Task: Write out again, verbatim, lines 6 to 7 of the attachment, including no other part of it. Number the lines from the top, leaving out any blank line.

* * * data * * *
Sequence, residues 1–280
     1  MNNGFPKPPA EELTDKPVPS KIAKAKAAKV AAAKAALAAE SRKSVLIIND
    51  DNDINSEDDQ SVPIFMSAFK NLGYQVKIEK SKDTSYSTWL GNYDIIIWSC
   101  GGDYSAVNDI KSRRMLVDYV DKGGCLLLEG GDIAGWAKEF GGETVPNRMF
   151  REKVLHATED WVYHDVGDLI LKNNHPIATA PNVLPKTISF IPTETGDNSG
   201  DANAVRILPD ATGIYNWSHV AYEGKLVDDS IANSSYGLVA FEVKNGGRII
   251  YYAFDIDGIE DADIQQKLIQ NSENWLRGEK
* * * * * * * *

   201  DANAVRILPD ATGIYNWSHV AYEGKLVDDS IANSSYGLVA FEVKNGGRII
   251  YYAFDIDGIE DADIQQKLIQ NSENWLRGEK